Relocating the nuclear deterrent is complicated because of the twin requirements of a suitable submarine base and a warheads depot that provide the same facilities currently provided by Coulport and adhere to safety requirements.

Professor Malcolm Chalmers, who studied the original decision in the 1960s as to where to base the nuclear fleet in his book Uncharted Waters, argues “relocation of these bases would be very difficult, if not impossible, to implement.” The House of Commons Scottish Affairs Committee looked at this question in detail in its enquiry The Referendum on Separation for Scotland: Terminating Trident – Days or Decades? The Committee concluded that “identifying and recreating a suitable base to replace Faslane and Coulport would be highly problematic, very expensive and fraught with political difficulties.” The Committee also explored, but ultimately dismissed, other proposals including negotiating the use of Faslane as a UK base within Scotland, or locating the deterrent outside the British Isles entirely.

The UK Government says it is not planning for Scottish independence and refuses to be drawn on possible alternative locations. Andrew Robathan, then Armed Forces Minister, said during a debate on Trident and the Scottish referendum “we do not have a better site” than the current one for the nuclear deterrent in the United Kingdom.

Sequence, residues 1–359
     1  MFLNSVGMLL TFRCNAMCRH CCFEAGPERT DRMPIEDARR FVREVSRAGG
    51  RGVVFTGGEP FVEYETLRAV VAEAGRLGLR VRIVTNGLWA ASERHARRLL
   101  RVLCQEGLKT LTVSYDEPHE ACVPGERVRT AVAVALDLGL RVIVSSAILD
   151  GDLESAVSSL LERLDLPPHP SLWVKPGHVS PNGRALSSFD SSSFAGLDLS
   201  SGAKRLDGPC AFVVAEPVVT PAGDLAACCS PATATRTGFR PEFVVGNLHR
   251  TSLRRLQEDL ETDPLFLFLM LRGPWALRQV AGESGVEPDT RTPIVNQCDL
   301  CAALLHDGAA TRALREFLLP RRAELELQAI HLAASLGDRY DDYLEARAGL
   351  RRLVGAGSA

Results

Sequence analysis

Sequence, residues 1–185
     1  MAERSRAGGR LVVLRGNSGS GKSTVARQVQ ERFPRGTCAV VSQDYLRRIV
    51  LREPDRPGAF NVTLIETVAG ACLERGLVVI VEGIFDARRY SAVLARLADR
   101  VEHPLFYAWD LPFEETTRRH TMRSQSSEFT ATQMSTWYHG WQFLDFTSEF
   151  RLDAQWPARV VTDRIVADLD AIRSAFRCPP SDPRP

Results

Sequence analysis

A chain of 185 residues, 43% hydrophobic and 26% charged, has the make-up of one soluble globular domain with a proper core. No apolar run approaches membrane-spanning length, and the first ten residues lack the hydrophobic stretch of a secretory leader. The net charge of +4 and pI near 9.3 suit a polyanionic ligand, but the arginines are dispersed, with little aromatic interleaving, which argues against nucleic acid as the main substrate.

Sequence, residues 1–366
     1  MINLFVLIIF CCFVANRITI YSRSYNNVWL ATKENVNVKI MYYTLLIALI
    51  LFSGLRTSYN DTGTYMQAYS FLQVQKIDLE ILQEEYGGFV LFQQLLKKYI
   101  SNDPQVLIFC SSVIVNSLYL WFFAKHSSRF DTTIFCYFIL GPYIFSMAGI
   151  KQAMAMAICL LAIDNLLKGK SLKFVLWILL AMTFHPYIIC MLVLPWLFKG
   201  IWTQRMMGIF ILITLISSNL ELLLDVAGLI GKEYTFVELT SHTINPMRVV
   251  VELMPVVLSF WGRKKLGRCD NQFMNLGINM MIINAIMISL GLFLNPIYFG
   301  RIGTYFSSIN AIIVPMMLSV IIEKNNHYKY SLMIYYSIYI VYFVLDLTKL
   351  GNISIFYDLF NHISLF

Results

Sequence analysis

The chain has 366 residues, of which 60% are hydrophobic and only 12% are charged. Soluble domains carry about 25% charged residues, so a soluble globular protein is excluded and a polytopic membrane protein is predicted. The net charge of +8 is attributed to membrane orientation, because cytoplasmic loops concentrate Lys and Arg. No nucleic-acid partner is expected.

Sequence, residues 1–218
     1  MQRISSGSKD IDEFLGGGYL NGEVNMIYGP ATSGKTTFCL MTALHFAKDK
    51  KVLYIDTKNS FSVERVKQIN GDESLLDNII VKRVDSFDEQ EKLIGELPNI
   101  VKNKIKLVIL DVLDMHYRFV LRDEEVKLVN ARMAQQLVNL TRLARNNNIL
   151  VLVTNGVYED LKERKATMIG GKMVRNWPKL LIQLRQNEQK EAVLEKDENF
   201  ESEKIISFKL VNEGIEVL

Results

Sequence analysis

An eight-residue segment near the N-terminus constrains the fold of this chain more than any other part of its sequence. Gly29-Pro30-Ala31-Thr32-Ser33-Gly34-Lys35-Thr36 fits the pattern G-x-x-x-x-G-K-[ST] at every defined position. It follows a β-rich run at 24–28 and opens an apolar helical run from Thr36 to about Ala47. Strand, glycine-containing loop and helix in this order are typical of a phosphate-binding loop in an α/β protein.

Although there are no exact estimates, the UK Government suggests in Scotland analysis: Defence that “any alternative solution would come at huge cost ... it would cost billions of pounds and take many years.” The then Armed Forces Minister Nick Harvey told the Scottish Affairs Committee it would “cost a gargantuan sum of money”.

Who would pay for the relocation and associated clean-up costs of the facilities in Scotland is also likely to be subject to negotiation.

The UK Government is committed to replacing the UK’s nuclear deterrent and Parliament voted in 2007 in favour of the general principle that the UK should retain a strategic nuclear deterrent.

However there is significant opposition to the nuclear deterrent in Parliament. This ranges from outright opposition to its existence, to calls, led by the Liberal Democrats, for a change to the current posture. The Trident Alternatives Review study into the costs, feasibility and credibility of alternative systems and postures but not into whether the UK should have a nuclear deterrent was published in July 2013 (Library note Update on the Trident Successor Programme looks at the Review in detail).